LibraryReads Top Recommended Titles for 2020 (provided by Shelf Awareness)
LibraryReads, the nationwide library staff-picks list, offers the top 10 titles public library staff across the country love. These are their Favorites of Favorites choices for 2020:
The Vanishing Half: A Novel by Brit Bennett -. "Centering on two twin light-skinned black girls who grew up in a strange town in the Jim Crow South, this book explores racism, colorism, sexism, and familial relationships through the interweaving storylines of vivid and complicated characters. For fans of Red at the Bone by Jacqueline Woodson." --Pamela Gardner, Medfield Public Library, Medfield, Mass.
Anxious People: A Novel by Fredrik Backman -. "What happens when a group of house hunters is taken hostage by an incompetent bank robber? Not what you expect. Filled with quirky, troubled characters, Backman's latest shows us what most people need is kindness, understanding and one another." --Janine Walsh, East Meadow Public Library, East Meadow, N.Y.
Caste: The Origins of Our Discontents by Isabel Wilkerson -. "A magisterial overview of how caste has been implemented in three different places. This is an important look at how the U.S., Nazi Germany, and India implemented caste and how it affects each country. Don't think that this is a dry academic read; Wilkerson is a genius with words and incorporates her own experiences throughout the book. For readers of Stamped and The New Jim Crow." --Jennifer Schultz, Fauquier County Public Library, Warrenton, Va.
Dear Edward: A Novel by Ann Napolitano -. "A dear, dear wonderous novel. Edward is The Miracle Boy, the only survivor of a plane crash. As he struggles to navigate the landscape of his new life, we hear the voices of those who didn't make it. Napolitano is an amazing writer who deserves a wider audience. For fans of Did You Ever Have a Family (Bill Clegg), The Grief of Others (Leah Hager Cohen), and The Friend (Sigrid Nunez)." --Jennifer Dayton, Fairfield Public Library, Fairfield, Conn.
The Invisible Life of Addie LaRue by V.E. Schwab -. "Addie is an adventurer and not ready to settle for village life, so she makes a deal with the devil. Instead of relinquishing her soul, however, she becomes immortal, and also completely forgotten by anyone who meets her. Then, after a lonely 300 years, she meets Henry. For fans of the Shades of Magic series, The Time Traveler's Wife, and Life after Life." --Patti Lang, Pima County Public Library, Tucson, Ariz.
Mexican Gothic by Silvia Moreno-Garcia -. "A perfect gothic mystery with an updated sensibility that will appeal to the modern reader. Noemí is a Mexico City socialite in the 1950s. When her father receives a disturbing letter from his niece, he sends Noemí to check on her cousin at the remote house where she is living--a grotesque and rotting English-style mansion, built on dirt imported from England by the colonialist eugenicist family she has married into. Lush descriptions and the creepy atmosphere make this a good choice for readers who liked The Witch Elm, The Little Stranger, or The Haunting of Hill House." --Lorena Neal, Evanston Public Library, Evanston, Ill.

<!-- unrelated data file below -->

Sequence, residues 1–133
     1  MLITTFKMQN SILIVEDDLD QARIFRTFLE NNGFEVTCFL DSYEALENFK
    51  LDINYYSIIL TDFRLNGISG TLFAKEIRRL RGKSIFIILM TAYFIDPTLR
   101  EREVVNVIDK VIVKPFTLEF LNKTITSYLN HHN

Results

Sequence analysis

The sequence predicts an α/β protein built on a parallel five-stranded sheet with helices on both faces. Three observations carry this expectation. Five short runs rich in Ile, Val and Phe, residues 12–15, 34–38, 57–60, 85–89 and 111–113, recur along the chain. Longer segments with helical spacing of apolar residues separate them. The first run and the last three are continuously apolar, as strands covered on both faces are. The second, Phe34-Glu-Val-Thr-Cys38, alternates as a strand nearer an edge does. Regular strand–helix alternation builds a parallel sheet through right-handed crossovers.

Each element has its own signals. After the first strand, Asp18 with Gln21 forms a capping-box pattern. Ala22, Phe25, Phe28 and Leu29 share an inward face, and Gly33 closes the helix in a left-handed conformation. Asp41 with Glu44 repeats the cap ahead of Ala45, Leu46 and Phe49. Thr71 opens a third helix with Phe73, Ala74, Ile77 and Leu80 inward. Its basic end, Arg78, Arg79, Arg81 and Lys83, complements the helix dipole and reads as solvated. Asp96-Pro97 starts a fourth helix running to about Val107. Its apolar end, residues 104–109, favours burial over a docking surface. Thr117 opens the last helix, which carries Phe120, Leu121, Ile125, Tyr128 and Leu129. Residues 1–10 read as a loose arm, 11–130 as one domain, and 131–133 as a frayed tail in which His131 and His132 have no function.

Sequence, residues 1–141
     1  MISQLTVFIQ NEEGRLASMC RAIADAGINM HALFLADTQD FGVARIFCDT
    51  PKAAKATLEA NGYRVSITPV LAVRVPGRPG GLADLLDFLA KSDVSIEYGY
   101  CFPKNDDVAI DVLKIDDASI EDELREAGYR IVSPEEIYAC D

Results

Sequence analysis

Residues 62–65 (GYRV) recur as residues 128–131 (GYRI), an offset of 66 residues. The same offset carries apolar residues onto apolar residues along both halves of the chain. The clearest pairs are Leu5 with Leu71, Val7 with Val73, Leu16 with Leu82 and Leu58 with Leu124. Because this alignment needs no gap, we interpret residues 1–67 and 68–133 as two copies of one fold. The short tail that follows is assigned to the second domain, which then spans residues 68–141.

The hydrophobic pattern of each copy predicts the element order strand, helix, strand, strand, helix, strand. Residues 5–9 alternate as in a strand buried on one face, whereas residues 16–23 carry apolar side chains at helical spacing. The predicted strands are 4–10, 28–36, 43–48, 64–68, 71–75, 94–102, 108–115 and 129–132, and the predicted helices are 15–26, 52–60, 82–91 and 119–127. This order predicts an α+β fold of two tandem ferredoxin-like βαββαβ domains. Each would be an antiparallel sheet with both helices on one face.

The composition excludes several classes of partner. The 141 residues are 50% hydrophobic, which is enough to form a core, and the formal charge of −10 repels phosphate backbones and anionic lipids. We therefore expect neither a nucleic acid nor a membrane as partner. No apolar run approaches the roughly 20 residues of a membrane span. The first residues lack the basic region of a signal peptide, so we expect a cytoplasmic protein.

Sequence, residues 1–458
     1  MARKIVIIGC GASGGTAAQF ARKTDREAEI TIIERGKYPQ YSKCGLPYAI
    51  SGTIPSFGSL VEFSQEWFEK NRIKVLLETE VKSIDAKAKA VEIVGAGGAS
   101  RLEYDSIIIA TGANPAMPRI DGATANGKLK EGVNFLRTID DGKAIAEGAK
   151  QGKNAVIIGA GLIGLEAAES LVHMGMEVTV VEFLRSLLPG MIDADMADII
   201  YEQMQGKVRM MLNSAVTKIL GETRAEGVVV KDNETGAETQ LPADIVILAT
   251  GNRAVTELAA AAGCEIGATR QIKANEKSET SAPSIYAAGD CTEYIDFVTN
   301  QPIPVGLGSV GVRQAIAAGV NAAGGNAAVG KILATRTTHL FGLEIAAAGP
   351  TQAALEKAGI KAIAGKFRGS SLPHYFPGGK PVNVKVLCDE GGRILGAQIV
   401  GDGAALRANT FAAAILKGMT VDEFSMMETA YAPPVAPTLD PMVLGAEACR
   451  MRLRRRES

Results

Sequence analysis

The Midnight Library by Matt Haig -. "At a seminal moment in her life, Nora visits a unique library. Every book she chooses is one that she becomes part of and is a possible life she might have led. There are adventures, close calls, and joy. Give this totally engrossing page turner to fans of Here and Now and Then (Chen) and Life after Life (Atkinson)." --Deborah Margeson, Douglas County Libraries, Castle Rock, Colo.
My Dark Vanessa: A Novel by Kate Elizabeth Russell -. "A Lolita for the #MeToo era, it's unsettling, but not necessarily for the reasons you might think. The narrative shifts from 2000, when Vanessa gains admission to an elite New England prep school, to 2017, when she tries to come to terms with her experience, her role in it, how it's affecting her present, and the choices she faces to find resolution and move forward. For fans of Notes on a Scandal (Heller), Trust Exercise (Choi), and His Favorites (Walbert)." --Michelle Sampson, York Public Library, York, Me.
The Splendid and the Vile: A Saga of Churchill, Family, and Defiance During the Blitz by Erik Larson -. "Once again Larson's new book is nonfiction that is as hard to put down as the best fiction. The book recounts the early days of Churchill as prime minister when France fell to Germany and the British Empire stood alone against Hitler. For readers who like John M. Barry (The Great Influenza) and David King (Death in the City of Light)." --Celia Morse, Berkley Public Library, Berkley, Mich.
Transcendent Kingdom by Yaa Gyasi -. "Gyasi is a force of a writer and in her new novel, Gifty is a Ph.D. student of neuroscience fueled by the need to understand her brother's addiction and mother's depression. For fans of Imagine Me Gone (Haslet) and Chemistry (Wang)." --Kari Bingham-Gutierrez, Olathe Public Library, Olathe, Kan.
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List provided by Shelf Awareness